Random Hand Facebook
Buy from Bomber Music

The Freebooters – Ordinary Level Oi! CD

Freebooters coverThe Freebooters play no-nonsense ska-tinged streetpunk with a big fucking smile on its face! This is one infectious album, full of life and energy. It’s clear to hear that these Irish girls and boys have a burning desire to stand up and shout ‘Shut the fuck up! Listen! Dance! Change the fuckin’ world!’, a task they take on and complete with admirable ease.

While they’re not afraid to take a political stance, they manage to do it with a healthy dose of humour, particularly when it comes to their no-nonsense anti-fascist position. Just check out the chorus to ‘Paddy Hitler’ –

Paddy Hitler was a man who just couldn’t understand
Why things never came together in his master plan
Was his head too fat? Or his brain too small?
Either way he knows fuck all

or the amusingly titled ‘Stormfront In A Teacup’ that mercilessly rips the piss out of pasty-faced cyber-nazis. Putting their money where their mouths are, the band and label are also allowing antifa groups to buy a bundle of the CDs at a heavily discounted wholesale price and will throw in a load free aswell so that anti-nazis can raise some much needed cash (get in touch with Distro-y Records for the lowdown).

Other tunes deal with army recruiters targeting the unemployed, bar room pool-playing alkies, cops, priests, all-night partying and an ode to the fans of the finest anti-fascist football team on the planet, FC St Pauli.

Musically, it’s all as solid as a pint of Guinness – snappy basslines, brickwall beats, guitars that’ll get your Granny spinning and reeling on the dancefloor, and rousing choruses just begging for you to sing along with ’em. With the punk knowledge on display here it’s no surprise to learn that members have been part and parcel of the scene for a long time, having been involved with such luminary acts as The Dagda, Pink Turds In Space, Nappyrash, Toxic Waste, The Poke and Bleeding Rectum.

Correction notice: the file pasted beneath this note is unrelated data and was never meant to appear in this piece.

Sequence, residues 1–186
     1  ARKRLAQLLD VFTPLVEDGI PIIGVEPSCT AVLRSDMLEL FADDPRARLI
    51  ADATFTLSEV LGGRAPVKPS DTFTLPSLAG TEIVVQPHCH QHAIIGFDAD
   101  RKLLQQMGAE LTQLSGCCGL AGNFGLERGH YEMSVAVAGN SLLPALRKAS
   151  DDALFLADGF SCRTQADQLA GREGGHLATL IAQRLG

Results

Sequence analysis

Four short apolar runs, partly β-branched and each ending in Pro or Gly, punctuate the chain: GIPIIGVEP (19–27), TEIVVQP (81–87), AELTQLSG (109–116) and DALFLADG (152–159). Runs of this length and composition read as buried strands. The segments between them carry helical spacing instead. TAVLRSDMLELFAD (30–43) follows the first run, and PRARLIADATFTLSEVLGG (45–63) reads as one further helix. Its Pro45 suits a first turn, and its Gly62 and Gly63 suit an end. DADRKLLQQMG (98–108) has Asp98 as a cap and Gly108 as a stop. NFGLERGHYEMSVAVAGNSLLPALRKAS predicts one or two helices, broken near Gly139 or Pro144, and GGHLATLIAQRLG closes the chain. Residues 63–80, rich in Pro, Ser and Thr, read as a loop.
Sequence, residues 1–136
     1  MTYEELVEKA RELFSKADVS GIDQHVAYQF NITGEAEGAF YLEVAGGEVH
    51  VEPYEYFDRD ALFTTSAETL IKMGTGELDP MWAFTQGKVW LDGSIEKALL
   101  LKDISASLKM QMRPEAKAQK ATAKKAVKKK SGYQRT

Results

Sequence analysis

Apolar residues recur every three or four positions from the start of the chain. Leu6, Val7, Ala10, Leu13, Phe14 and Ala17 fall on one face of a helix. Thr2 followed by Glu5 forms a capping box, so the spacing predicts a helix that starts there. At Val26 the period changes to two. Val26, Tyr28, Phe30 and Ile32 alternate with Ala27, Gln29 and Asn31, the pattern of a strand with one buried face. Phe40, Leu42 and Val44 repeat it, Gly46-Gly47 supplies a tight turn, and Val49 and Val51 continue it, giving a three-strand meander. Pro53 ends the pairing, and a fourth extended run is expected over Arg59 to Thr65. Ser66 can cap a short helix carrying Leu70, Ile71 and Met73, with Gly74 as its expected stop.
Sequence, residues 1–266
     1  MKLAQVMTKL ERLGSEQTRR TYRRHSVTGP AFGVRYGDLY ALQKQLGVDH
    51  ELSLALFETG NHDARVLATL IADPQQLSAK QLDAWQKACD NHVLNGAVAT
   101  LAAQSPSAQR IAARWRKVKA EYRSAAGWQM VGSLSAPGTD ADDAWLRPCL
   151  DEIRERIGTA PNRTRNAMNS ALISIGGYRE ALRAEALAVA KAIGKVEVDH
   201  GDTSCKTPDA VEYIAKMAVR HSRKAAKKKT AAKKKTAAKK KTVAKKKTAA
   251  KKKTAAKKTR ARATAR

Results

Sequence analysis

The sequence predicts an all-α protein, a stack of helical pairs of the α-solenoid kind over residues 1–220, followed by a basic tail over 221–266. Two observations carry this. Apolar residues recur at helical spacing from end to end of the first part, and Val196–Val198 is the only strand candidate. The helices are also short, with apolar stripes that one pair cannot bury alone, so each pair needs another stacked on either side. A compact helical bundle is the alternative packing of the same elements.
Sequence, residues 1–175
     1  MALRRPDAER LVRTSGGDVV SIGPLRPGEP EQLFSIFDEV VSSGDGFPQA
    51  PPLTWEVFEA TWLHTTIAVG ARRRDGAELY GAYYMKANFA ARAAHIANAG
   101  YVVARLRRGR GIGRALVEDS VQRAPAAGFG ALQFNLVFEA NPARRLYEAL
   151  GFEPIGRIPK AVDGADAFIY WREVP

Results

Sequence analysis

This is a bit of a departure for Distro-y, probably better known for putting out D-beat and crust flavoured outfits, and I take my hat of to Alex for spreading his punk rock wings in this direction. Diversity is one of the things that makes our culture so great, especially when it’s as sterling as this.

For people who also like: The Restarts, Stage Bottles, Runnin’ Riot

OP’s opinion: Five

Download sample track – St. Pauli (FLAC)
The Freebooters Myspace
Buy from Iron Column Records for £5 plus p&p (all proceeds to my local antifa friends), or Distro-y for €5 plus p&p

Prisoner Of War Benefit CD

Prisoner Of War coverJJ, the guitarist from Active Slaughter, is currently doing a 3-year stretch for his part in the campaign against Huntingdon Life Sciences. His friends in Trauma Unit have put together a benefit CD to get some cash together for him when he gets out. This is a ‘Pay What You Can’ release with 23 tracks from the likes of Extinction Of Mankind, Oi Polloi, Anthrax, Andy T, Doom (doing a Discharge cover) and loads of other noisemongers, with many of the tracks previously unreleased. It’s an absolute corker in every respect – the punk-as-fuck cover tells you everything you need to know about what’s gonna follow. It’s well worth at least a fiver, even if you have to raid your penny jar. You can find out more and order the CD here.